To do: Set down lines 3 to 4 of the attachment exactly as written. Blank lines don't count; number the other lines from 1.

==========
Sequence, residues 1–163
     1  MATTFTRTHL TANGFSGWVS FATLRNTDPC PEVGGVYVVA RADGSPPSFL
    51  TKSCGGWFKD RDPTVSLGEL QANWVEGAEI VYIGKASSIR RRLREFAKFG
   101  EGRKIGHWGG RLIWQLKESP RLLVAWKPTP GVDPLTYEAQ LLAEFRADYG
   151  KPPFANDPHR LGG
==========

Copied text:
    51  TKSCGGWFKD RDPTVSLGEL QANWVEGAEI VYIGKASSIR RRLREFAKFG
   101  EGRKIGHWGG RLIWQLKESP RLLVAWKPTP GVDPLTYEAQ LLAEFRADYG